"This program is successful because it allows people to stay in their homes, it allows them to ride right through a rocky period and stabilize themselves," McGannon said. "Without this in place, you often see this sort of thing just happen over and over again when they're not making it, and it creates a downward spiral where they just can't ever get out."

The Friendship at Home program also has other crisis intervention options available to those who do not qualify for EHEAP, such as the Season of Sharing Fund, which was created in 2000 as a partnership between the Herald-Tribune and the Community Foundation of Sarasota. This can help seniors with a broad range of issues, such as rent or car repairs.

But both the social and financial aspects of the program are in dire need of volunteers. Because of the number of seasonal residents here, the number of volunteers and donations tend decline in the summer, said Ola Medrzycki, who has worked as the Friendship at Home coordinator for more than 16 years.

"During the holidays, people give to programs like Friendship at Home donating much needed items," Medrzycki said. "But during the summer and with rising air conditioning costs, older adults can really suffer. Our clients' eyes light up when we bring them things like soap, laundry detergent, and toilet paper. It's important that we not only help clients with current needs, but also help them resolve issues and prevent further problems."

Medrzycki added that there are many more people in Sarasota who qualify for the programs' assistance and could be served with more funding and more volunteers.

Erin McLeod, CEO of Friendship Centers, said many older adults try to "fly under the radar" without food or medication because they don't want to be removed from their homes. "Isolation is the malnutrition of the elderly," she said. "Especially if a spouse or partner passes away, survivors sometimes fail to thrive on their own without intervention."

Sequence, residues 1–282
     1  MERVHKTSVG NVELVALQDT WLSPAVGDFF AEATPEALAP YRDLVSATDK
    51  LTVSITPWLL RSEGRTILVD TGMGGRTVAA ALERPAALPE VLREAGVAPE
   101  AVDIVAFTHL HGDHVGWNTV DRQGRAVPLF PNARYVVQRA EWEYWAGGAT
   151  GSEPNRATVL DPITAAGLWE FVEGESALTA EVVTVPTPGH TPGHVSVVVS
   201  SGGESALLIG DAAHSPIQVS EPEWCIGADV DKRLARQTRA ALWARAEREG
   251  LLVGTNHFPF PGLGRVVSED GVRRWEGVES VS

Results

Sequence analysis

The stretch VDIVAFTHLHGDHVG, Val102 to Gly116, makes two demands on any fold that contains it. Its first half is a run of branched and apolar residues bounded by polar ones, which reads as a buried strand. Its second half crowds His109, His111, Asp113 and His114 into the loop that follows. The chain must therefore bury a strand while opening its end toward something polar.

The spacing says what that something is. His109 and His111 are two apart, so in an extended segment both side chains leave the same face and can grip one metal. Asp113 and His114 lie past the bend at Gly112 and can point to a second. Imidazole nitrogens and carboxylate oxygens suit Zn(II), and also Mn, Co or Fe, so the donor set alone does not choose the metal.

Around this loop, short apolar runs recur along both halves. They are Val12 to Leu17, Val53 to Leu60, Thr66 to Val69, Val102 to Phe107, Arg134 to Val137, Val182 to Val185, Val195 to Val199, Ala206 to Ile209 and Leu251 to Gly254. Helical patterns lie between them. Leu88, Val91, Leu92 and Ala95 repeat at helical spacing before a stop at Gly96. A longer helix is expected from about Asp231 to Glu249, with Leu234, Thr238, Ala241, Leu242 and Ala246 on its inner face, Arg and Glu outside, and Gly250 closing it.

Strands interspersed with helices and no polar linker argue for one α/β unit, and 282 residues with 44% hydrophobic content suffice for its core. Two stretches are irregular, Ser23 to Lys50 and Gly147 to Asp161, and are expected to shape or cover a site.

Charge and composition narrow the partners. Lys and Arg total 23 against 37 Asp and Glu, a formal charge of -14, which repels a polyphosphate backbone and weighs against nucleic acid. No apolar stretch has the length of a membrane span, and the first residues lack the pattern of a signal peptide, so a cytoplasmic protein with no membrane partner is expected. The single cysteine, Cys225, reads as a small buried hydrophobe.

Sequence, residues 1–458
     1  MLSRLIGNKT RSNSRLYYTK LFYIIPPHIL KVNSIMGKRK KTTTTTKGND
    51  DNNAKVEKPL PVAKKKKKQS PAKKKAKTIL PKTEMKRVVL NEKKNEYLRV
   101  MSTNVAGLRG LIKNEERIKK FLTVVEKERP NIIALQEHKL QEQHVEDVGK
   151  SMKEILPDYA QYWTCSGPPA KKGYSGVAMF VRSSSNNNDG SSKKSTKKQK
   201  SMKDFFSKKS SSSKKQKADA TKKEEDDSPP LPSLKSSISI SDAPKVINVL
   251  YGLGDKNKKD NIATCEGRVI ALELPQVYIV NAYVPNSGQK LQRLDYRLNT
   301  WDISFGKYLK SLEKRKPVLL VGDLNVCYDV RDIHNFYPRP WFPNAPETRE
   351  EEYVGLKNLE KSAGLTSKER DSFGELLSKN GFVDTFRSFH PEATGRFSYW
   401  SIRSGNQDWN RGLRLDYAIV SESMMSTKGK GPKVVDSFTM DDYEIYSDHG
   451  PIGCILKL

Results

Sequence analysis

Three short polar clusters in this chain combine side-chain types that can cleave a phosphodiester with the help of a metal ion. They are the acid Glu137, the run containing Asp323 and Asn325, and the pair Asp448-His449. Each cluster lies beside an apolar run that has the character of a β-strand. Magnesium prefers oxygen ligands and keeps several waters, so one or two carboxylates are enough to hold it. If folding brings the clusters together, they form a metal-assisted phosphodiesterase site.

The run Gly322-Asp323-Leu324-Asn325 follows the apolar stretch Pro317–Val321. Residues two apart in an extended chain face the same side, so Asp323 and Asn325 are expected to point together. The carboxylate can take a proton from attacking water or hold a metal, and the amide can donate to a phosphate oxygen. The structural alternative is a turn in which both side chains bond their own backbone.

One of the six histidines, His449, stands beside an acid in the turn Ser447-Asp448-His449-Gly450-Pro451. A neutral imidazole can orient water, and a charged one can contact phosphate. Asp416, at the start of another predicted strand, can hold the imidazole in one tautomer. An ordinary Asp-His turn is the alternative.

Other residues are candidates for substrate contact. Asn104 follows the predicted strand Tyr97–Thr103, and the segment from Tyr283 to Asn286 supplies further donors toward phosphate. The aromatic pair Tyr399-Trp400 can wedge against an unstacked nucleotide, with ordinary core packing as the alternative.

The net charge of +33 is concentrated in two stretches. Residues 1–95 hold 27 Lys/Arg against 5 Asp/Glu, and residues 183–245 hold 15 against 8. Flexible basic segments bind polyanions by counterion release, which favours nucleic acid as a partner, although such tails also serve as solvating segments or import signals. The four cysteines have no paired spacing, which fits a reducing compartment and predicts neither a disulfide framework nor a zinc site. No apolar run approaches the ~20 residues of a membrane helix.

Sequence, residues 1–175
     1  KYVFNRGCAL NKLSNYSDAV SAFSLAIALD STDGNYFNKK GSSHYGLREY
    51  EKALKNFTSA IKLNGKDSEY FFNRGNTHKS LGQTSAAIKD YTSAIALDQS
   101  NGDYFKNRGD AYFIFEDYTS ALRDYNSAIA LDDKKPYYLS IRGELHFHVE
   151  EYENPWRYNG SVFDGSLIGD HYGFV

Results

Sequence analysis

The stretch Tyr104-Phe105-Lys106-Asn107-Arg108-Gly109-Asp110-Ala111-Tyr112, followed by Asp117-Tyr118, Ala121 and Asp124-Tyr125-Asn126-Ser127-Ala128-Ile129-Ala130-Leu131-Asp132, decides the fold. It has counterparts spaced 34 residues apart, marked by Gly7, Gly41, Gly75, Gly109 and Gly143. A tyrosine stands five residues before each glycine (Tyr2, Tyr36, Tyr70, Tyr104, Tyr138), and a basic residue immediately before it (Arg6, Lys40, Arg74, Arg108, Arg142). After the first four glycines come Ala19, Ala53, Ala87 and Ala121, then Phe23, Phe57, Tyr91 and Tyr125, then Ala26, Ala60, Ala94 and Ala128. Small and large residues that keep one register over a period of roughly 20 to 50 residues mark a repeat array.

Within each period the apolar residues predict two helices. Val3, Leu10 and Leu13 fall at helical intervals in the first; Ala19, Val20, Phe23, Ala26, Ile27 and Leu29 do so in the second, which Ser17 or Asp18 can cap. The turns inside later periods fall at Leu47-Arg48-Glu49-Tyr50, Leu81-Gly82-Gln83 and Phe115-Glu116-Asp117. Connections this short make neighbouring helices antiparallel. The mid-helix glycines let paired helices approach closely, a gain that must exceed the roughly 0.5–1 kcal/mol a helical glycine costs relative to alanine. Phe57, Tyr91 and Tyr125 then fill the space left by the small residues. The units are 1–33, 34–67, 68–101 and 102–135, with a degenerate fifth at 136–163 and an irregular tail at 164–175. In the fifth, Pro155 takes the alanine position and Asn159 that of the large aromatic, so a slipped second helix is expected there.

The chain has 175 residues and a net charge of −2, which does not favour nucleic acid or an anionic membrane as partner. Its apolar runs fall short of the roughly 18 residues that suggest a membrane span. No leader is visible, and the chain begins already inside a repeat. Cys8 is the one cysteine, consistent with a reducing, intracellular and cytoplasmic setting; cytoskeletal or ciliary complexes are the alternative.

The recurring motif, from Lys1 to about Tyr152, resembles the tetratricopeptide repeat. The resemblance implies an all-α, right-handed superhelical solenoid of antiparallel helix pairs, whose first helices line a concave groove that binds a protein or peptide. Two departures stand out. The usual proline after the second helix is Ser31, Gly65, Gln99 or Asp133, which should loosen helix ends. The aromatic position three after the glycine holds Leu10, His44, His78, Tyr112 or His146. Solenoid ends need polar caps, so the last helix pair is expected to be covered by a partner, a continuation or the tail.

But sometimes all they need is a little love and attention. McLeod calls a 105-year-old-woman every night at 8 p.m. just to check-in, and that can help significantly, program officials said.

"People are so lonely and desolate that they can become almost paralyzed by it," said Rogers. "Just having someone to talk to, something to look forward to, can make a big difference in their lives."

It wasn't the first, the second or the third day, but one day George finally invited Rogers inside the house for their weekly conversations. Then George did another thing that was rare for him in those days: he smiled. Rogers remembers commenting on his smile, and George told him, "it's because you bothered to ask." He said that it made him feel like someone cared and that someone would remember him.

"Fifteen years later and I've never forgotten him. I hope he understands how important he was for me," Rogers said.

This story comes from Aspirations Journalism, an initiative of The Patterson Foundation and Sarasota Herald-Tribune to inform, inspire, and engage the community to take action on issues related to Age-Friendly Sarasota, Suncoast Campaign for Grade-Level Reading, National Council on Aging and the Suncoast Nursing Action Coalition.